Hohmann transfer orbit
Encyclopedia
In orbital mechanics, the Hohmann transfer orbit is an elliptical orbit used to transfer between two circular orbit
s, typically both in the same plane
.
The orbital maneuver
to perform the Hohmann transfer uses two engine impulses which move a spacecraft
onto and off the transfer orbit. This maneuver was named after Walter Hohmann
, the German
scientist who published a description of it in his 1925 book Die Erreichbarkeit der Himmelskörper (The Accessibility of Celestial Bodies). Hohmann was influenced in part by the German science fiction author Kurd Laßwitz
and his 1897 book Two Planets.
that touches both the lower circular orbit that one wishes to leave (labeled 1 on diagram) and the higher circular orbit that one wishes to reach (3 on diagram). The transfer (2 on diagram) is initiated by firing the spacecraft's engine in order to accelerate it so that it will follow the elliptical orbit; this adds energy to the spacecraft's orbit. When the spacecraft has reached its destination orbit, its orbital speed (and hence its orbital energy) must be increased again in order to change the elliptic orbit to the larger circular one.
Due to the reversibility of orbits, Hohmann transfer orbits also work to bring a spacecraft from a higher orbit into a lower one; in this case, the spacecraft's engine is fired in the opposite direction to its current path, decelerating the spacecraft and causing it to drop into the lowerenergy elliptical transfer orbit. The engine is then fired again at the lower distance to decelerate the spacecraft into the lower circular orbit.
The Hohmann transfer orbit is theoretically based on two instantaneous velocity changes. Extra fuel is required to compensate for the fact that in reality the bursts take time; this is minimized by using high thrust engines to minimize the duration of the bursts. Low thrust engines can perform an approximation of a Hohmann transfer orbit, by creating a gradual enlargement of the initial circular orbit through carefully timed engine firings. This requires a change in velocity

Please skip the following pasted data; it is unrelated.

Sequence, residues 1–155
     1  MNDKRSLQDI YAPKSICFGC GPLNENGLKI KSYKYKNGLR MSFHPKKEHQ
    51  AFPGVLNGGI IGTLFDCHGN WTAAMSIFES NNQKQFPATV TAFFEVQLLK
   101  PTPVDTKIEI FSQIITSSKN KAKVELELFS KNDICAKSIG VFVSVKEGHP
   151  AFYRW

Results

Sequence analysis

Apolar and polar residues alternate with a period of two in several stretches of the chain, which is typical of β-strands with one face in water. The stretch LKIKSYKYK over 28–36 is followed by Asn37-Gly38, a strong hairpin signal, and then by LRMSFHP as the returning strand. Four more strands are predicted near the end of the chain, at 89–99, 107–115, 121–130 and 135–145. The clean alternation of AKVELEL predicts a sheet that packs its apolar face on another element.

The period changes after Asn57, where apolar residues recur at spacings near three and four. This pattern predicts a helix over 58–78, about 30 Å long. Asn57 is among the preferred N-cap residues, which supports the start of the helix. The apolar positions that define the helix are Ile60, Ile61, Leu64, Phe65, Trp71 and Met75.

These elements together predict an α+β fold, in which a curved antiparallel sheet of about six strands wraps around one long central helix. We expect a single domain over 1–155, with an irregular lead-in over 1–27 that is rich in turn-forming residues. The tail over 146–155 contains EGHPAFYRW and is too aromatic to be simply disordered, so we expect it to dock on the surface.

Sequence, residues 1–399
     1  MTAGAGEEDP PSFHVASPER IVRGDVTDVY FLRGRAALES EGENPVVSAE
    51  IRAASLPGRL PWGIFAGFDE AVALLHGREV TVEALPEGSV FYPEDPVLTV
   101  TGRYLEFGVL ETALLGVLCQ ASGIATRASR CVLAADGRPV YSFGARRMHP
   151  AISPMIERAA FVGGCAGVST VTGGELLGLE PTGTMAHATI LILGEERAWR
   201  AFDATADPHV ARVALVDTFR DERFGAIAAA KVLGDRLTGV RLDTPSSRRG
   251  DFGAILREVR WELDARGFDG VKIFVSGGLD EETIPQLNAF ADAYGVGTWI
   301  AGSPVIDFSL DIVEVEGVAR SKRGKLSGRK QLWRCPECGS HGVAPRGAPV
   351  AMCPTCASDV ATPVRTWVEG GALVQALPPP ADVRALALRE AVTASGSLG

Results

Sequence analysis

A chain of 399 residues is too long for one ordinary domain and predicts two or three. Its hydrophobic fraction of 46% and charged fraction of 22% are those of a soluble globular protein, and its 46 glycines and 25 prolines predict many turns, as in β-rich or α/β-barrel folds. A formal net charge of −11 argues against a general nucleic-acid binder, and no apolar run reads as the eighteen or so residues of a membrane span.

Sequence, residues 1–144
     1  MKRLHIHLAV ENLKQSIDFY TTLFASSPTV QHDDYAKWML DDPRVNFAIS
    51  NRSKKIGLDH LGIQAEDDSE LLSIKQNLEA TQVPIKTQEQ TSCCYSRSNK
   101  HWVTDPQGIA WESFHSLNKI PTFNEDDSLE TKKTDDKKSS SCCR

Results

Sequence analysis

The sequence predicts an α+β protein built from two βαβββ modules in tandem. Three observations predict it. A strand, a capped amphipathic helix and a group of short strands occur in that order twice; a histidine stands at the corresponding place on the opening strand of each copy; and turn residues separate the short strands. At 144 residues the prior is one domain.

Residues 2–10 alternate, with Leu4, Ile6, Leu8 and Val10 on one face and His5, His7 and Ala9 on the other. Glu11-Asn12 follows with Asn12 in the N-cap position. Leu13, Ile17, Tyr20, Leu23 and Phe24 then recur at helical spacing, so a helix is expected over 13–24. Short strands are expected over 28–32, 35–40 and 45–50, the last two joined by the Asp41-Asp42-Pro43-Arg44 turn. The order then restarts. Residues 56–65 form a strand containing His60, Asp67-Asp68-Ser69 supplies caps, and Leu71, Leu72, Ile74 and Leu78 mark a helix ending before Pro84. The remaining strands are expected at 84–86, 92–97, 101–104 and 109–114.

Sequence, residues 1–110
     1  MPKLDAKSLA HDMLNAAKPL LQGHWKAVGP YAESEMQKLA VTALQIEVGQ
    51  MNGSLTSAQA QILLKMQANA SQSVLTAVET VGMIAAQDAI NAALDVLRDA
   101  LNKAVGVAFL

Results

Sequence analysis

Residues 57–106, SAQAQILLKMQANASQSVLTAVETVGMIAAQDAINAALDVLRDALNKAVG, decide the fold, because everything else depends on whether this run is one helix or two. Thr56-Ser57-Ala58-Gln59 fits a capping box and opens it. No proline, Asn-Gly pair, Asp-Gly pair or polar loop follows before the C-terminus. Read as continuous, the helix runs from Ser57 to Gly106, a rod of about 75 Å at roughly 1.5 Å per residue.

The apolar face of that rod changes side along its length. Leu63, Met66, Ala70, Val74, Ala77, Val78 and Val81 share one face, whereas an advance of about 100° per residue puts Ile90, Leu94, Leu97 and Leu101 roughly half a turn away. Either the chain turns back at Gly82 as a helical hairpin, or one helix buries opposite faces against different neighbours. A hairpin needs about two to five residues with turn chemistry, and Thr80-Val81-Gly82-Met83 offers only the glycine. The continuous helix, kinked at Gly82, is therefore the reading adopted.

(deltav) that is up to 141% greater than the two impulse transfer orbit (see also below), and takes longer to complete.
and potential energy
, and this total energy also equals half the potential at the
average distance , (the semimajor axis
):
Solving this equation for velocity results in the Visviva equation
,
Therefore the deltav
required for the Hohmann transfer can be computed as follows, under the assumption of instantaneous impulses:,
where and are, respectively, the radii of the departure and arrival circular orbits;
the smaller (greater) of and corresponds to the periapsis distance (apoapsis distance) of the Hohmann elliptical transfer orbit. The total is then:
Whether moving into a higher or lower orbit, by Kepler's third law, the time taken to transfer between the orbits is:
(one half of the orbital period
for the whole ellipse), where is length of semimajor axis
of the Hohmann transfer orbit.
we have = 42,164 km and e.g. = 6,678 km (altitude 300 km).
In the smaller circular orbit the speed is 7.73 km/s, in the larger one 3.07 km/s. In the elliptical orbit in between the speed varies from 10.15 km/s at the perigee to 1.61 km/s at the apogee.
The deltav's are 10.15 − 7.73 = 2.42 and 3.07 − 1.61 = 1.46 km/s, together 3.88 km/s. http://www.google.com/search?num=100&hl=en&lr=&newwindow=1&safe=off&q=sqrt%28398600%2F6678%29*sqrt%282%2F%286678%2F42164%2B1%29%29